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We Are Proud of Our Heritage

Early Voyageur Fur Traders on Lake Superior
Skater – Island Ferry Service Begins – 1920
Picnic on Basswood Island – 1925
Berry Picking – 1930
Mission Inn Resort – 1933

Islanders have a long, long tradition of making things – both utilitarian and artistic – which goes back at least 350 years.

 

The earliest written history places French explorers and voyageurs in the area by 1660, but Native American oral traditions place the Ojibwe on the Island at the time of Columbus. We do know that Native Americans, whether Ojibwe, Ottawa, Huron, or Sioux, occupied the Apostle Islands for hundreds of years prior to that period. The Ojibwe considered the Island home and was known to them as Mooningwanekaaning (“The Home of the Golden Breasted Woodpecker”).

In 1663, Pierre Radisson (1636-1710) and brother-in-law Medard Groseilliers (1618–1696), both French explorers and fur traders, arrived on the Island and established La Pointe as a fort and fur trading post which at that time was considered to be New France territory.

For the next 150 years, the Island became an important outpost for French, British and American fur traders. The Seven Years War (1756-1763) between Great Britain and France saw the collapse of New France and the rise of British and American companies in the fur trade.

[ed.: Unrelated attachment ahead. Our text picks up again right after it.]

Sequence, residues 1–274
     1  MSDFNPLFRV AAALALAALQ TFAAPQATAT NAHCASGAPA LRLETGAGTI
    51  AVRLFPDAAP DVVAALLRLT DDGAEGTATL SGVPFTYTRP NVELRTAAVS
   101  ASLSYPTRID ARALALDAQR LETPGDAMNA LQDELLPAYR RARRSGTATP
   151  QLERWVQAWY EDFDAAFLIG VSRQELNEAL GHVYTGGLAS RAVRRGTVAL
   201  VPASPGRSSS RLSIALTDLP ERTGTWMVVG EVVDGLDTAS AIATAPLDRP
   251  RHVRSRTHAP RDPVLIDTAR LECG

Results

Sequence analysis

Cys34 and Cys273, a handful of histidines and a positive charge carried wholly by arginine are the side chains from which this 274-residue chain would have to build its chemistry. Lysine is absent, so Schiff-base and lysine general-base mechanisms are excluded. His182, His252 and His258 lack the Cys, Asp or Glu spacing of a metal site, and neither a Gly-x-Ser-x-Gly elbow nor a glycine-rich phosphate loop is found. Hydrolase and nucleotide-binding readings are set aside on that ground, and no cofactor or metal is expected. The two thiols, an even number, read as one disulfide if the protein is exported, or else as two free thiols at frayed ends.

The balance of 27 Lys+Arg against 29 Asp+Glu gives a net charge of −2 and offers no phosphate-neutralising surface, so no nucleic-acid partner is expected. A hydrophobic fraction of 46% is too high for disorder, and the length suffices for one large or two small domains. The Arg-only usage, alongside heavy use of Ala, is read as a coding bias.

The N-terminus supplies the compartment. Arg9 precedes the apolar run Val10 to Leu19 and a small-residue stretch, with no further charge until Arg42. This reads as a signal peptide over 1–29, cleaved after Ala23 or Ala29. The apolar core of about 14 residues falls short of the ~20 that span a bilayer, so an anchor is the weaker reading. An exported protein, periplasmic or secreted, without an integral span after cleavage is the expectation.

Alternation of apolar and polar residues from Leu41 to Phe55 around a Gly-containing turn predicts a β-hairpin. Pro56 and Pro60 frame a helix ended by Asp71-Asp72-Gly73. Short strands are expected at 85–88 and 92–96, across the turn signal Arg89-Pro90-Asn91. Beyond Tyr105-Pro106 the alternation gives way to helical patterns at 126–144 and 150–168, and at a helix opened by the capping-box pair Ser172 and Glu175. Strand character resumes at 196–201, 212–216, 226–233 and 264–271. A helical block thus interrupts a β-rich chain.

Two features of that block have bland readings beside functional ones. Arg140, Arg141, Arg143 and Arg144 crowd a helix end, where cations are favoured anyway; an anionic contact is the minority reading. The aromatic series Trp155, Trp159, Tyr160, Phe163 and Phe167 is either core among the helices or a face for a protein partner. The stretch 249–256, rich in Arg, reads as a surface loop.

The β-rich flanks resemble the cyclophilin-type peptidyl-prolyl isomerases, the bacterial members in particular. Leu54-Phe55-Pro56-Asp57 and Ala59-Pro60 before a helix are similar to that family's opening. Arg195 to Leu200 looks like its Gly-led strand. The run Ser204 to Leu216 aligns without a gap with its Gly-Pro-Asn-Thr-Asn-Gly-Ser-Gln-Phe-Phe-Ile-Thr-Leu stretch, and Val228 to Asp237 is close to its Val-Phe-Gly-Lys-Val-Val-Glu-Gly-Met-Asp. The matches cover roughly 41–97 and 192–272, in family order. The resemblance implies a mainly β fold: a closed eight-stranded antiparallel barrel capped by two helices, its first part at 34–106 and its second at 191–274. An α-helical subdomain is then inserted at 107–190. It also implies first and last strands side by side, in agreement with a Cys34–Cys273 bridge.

Michael Cadotte was born in 1764 to a French father and Anishinaabe mother in Sault St. Marie. He often travelled the south shore of Lake Superior with his father who was a fur trader with the French, and later the British North West Company. In 1794 Michael re-founded the fur trading post at La Pointe and soon after married Ikwesewe, the daughter of Chief White Crane of the Anishinaabe at La Pointe. Ikwesewe converted to the Roman Catholic faith and her Catholic Saint’s name was Madeline, for whom the island is named.

Cadotte became the lead trader on the south shore of Lake Superior. Following the exclusion of Canadian traders from U.S. territories after the War of 1812 the fur trade on Lake Superior came under the control of the American Fur Company, founded by John Jacob Astor in 1808.

Astor built a fur trade monopoly, managing a business empire that extended throughout the Great Lakes region and Canada, and later expanded as far as the American West and Pacific coast. The business made him one of the first multi-millionaires in the US. In 1830, seeing the decline in demand, he diversified into New York real estate.

After the decline of the fur trade industry, other businesses developed in the region, including logging, commercial fishing, and brownstone quarrying for buildings in Chicago and New York.

Summer tourism began in the mid-1890s, and artists began to discover the beauty of Madeline Island and the surrounding region.

Making things by hand, both useful and beautiful, is ingrained in the Island way. This promises to continue into the future as long as artists and craftspeople choose to live on or visit this magical place called Madeline Island.

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